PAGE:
That question is the focus of a workshop to take place at Microsoft Research (Cambridge) on Wednesday 12th March. We want scientists involved in predictive ecology to attend, and to give an honest critique of their methods. What are the advantages? What are the disadvantages and the limitations of these approaches? We’d also like the end users to attend, whether you are policy makers, conservationists or industry based. What do you need from predictive ecology? The aim of the workshop will be to develop an honest ‘field-guide’ to predictive methods in ecology. This will make it easier for people to identify suitable methods for particular problems, know the benefits of particular methods and their pitfalls, and make it much easier to know how such predictions stack up against end user requirements for these predictions.

For more information, or to register interest in attending please contact computational@britishecologicalsociety.org

link round up no. 1

Here’s a round up of some interesting things and job opportunities we found on the web recently:

Things:

Petr Keil wrote a great blog post showing how to fit the same ecological model using R’s glm function, numerical optimisation and MCMC

accidental aRt showcases the unexpectedly beautiful works of art that can arise when plotting in R goes awry. They’re on twitter at @accidental__aRt

There’s a huge online index of free programming books (including guides for R, Python and Matlab). The list is maintained in a github repository, so you can contribute if you know of any which aren’t on there!

This crossvalidated thread contains some great examples for understanding expectation-maximisation algorithms

Openrefine is an open-source tool for visualising, cleaning and transforming data

The Santa Fe Institute are running a Summer school and an online course on Complex Systems in 2014 

Jobs:

post-doc modelling sleeping sickness control at the Liverpool school of Tropical Medicine

software developer in ecological networks at the University of Liverpool

spatial ecologist at CEH Wallingford

post-doc in spatial/space-time analysis at Southampton

programmer at CBER at UCL

BES Computational Ecology SIG: the “something for all” SIG

Quantitative methods are evolving fast in ecology, way faster than any of us can keep up with. Many of us do not have the foundational training in mathematical, statistical or computational skills to pick these up easily. Otherwise we’d work for banks, obviously. One consequence is that many of us spend a lot of our time feeling frustrated by quantitative methods.

The Computational Ecology SIG exists to help members with the quantitative techniques that involve some form of computation (the vast majority of them). This includes data entry, storage and delivery, statistical analyses and modelling. Our priority is to enable the widest possible community of ecologists understand and use the best quantitative computational methods. We’ve not been clear about that over the last couple of years because we ourselves were not entirely sure how best to serve you. Therefore we resorted to doing what any self-respecting ecologist would have done and ran a set of experiments; a number of different events pitched at various audiences with different levels of quantitative expertise. The clear winner was to provide people with opportunities to learn how to implement quantitative methods well. Hence, our most popular events in the past year have been training courses on integrated population modelling, species distribution modelling, spatial analysis and good coding practices. At those, people clearly made the most of the opportunity and got on with the learning, discussions and asking challenging questions.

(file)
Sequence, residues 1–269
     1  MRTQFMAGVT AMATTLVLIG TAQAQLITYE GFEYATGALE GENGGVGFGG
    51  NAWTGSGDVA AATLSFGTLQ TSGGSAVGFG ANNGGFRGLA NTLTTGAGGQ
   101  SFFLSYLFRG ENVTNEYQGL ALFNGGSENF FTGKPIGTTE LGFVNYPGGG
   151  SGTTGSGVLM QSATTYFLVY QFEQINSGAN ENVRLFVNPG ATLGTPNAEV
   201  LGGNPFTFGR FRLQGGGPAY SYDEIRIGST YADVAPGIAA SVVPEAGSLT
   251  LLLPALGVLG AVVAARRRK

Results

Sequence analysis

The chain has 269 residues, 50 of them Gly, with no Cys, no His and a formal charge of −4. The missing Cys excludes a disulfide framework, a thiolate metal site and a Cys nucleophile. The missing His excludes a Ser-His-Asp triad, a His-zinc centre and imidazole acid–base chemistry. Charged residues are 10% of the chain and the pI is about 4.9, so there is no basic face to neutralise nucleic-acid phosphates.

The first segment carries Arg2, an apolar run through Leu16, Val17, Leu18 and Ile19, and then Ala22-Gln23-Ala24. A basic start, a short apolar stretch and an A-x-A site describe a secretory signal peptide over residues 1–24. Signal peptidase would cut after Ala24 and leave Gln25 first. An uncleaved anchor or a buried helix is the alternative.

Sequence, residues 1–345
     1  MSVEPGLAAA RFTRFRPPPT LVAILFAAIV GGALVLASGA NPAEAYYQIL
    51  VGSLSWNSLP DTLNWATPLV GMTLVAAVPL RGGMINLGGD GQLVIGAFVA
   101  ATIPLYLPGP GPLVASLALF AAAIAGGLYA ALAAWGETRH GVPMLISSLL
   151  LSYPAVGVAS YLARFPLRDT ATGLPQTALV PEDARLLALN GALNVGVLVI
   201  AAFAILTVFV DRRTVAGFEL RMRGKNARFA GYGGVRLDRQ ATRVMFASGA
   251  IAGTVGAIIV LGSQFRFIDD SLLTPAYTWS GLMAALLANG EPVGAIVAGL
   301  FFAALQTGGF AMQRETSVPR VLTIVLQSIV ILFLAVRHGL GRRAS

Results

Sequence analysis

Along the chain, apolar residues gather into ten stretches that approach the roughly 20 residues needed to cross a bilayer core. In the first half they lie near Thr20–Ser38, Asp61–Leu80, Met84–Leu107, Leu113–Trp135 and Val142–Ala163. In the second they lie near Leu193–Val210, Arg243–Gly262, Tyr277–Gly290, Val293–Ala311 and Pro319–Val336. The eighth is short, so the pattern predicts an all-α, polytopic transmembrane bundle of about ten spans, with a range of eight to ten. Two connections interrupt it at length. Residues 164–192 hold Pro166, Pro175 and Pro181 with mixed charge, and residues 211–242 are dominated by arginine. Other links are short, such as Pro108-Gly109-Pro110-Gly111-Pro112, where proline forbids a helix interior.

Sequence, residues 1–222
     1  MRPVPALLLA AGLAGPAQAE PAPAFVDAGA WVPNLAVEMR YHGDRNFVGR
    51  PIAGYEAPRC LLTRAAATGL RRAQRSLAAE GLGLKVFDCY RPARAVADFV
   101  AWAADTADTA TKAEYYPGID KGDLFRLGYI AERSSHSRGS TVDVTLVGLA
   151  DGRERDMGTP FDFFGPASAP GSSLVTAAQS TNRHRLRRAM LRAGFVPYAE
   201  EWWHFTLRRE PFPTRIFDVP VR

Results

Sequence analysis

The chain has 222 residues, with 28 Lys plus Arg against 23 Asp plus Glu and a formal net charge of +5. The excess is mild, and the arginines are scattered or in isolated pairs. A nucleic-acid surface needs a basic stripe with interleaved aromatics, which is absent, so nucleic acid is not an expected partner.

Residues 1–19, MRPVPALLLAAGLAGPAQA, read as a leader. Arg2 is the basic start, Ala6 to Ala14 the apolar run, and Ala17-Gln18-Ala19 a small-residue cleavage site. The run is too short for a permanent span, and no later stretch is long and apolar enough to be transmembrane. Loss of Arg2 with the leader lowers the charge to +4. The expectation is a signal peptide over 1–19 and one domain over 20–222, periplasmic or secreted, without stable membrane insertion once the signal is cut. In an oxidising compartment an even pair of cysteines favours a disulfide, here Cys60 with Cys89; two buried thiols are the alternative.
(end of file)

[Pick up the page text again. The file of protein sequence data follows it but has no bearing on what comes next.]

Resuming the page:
So moving forward we intend to do more training events, and build upon them: broadening out to an even wider community of people aiming to get started with the methods, wanting to understand how to do them well, or simply understand what they are all about. This year we have big plans. We’re going to expand on our online presence by setting up a website to serve you with useful updates, tutorials, guides, advice and blog posts on quantitative methods. We’re also going to provide you with an online Field Guide to Ecological Models; to tell you all those things about the different methods you never get told in any undergraduate ecology degree as well as those things you might have done. As well as expanding this presence we aim to continue to host training events and we’ll provide more information about those as they emerge (likely a software carpentry bootcamp, an ‘ecological models in conservation applications’ workshop and an event again with the International Biometric Society and Royal Statistical Society).

Our SIG does not have the largest membership but we could potentially serve the largest proportion of BES members: those aiming to make sense and use out of the quantitative methods. You don’t need to be a computer nerd to join (and NO it doesn’t help… that’s the point!)